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Vidov Dan,the twenty-eighth of June, is a fateful day in the history of Yugoslavia. It was on that day in 1589 that the Turks defeated the Serbs at Kosovo and began an occupation that lasted for close to five centuries. It was on St. Vitus’s Day in 1914, at Sarayevo, Bosnia (then under Austrian occupation), that Gavrilo Princip assassinated Archduke Francis Ferdinand and thereby precipitated the First World War. On St. Vitus’s Day in 1919 the Treaty of Versailles was signed. Among its ..ugly offspring,” as V. M. Molotov has been pleased to call the national states of Eastern Europe, was the Kingdom of Serbs, Croats, and Slovenes which, in 1929, became the Kingdom of South Slavia, or Yugoslavia. And it was on St. Vitus’s Day in 1948 that the Communist Information Bureau, straining for historical symbolism, excommunicated the Communist tyrants who had been ruling Yugoslavia since the Second World War as a “federal people’s republic.”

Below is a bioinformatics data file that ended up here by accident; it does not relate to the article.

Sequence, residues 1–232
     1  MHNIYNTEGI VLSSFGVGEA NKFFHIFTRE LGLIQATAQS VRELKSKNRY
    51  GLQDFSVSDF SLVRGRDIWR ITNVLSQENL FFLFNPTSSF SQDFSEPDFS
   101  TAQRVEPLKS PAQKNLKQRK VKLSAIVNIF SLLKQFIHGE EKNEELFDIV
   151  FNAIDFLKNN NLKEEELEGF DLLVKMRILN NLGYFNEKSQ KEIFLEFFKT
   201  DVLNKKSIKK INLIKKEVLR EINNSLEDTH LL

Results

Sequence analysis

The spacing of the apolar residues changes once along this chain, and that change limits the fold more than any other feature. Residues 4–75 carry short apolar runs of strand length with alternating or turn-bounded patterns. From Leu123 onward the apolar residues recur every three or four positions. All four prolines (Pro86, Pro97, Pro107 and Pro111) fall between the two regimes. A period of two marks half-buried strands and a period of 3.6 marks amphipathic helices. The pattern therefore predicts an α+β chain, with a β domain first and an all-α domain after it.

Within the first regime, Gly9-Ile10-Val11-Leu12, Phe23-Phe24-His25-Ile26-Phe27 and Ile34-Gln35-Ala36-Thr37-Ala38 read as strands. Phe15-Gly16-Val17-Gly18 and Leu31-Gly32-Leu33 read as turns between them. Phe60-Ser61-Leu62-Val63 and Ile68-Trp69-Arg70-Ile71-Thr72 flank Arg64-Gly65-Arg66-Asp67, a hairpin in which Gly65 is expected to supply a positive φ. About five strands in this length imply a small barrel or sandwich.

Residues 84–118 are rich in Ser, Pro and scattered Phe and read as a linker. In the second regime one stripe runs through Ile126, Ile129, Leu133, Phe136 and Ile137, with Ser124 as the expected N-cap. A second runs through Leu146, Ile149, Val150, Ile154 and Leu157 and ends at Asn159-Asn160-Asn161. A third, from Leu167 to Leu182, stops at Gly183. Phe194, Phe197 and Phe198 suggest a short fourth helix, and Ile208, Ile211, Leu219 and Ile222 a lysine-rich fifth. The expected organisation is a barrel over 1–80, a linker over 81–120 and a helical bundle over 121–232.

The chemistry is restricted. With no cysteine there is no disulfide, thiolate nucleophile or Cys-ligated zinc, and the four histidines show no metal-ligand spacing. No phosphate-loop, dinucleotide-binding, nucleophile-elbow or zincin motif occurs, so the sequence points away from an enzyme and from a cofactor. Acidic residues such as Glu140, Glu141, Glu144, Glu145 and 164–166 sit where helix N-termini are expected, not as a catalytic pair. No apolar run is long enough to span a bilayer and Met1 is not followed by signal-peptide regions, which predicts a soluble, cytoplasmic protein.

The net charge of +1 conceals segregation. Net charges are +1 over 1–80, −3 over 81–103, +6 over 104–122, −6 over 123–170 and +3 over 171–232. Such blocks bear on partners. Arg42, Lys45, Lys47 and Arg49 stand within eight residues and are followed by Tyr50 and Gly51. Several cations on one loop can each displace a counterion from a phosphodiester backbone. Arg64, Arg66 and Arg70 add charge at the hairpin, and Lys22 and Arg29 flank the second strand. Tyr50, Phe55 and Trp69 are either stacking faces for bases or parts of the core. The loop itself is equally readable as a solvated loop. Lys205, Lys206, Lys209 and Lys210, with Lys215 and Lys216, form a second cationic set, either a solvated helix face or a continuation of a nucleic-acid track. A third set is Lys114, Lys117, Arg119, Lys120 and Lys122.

Until that day it had seemed to most students of Yugoslavian affair (myself included) that Yosip Broz, or Tito, as he prefen to call himself, was Stalin’s most successful foreign understudy. None of the other Communist subdictaton of Eastern Europe had so ruthlessly or so completely sovietized his fief. None had adapted the Kremlin’s methods to local conditions with greater disregard for the wishes of his subjects. Yet Tito and his cohorts were the first to be excommunicated from the Cominform as heretics.

Although I had foreseen a day of reckoning, I had not expected it to produce a schism in the Communist International. I had expected Tito (in the first purge, anyhow) to play the role of Grand Inquisitor, extirpating, with the help of Andria Hebrang, Sreten Zhuyovitch, and other Russian agents, the nationalist Neo-Communists who had risen to power during the war. In a subsequent purge, I thought, when he had finally grown too big for his breeches, Tito himself would also be extirpated—but not until someone like Hebrang or Zhuyovitch was fully prepared to inherit his imperial responsibilities. Instead it was the Hebrangs and Zhuyovitches who were purged, and the Neo-Communist hero-worshipers with whom Tito and his loyal subordinates chose to cast ’ their lot. National Communism, a wartime product of Russia’s internal weaknesses, has thus proved stronger—for the time being, at any rate—than Stalin’s imperial apparatus.

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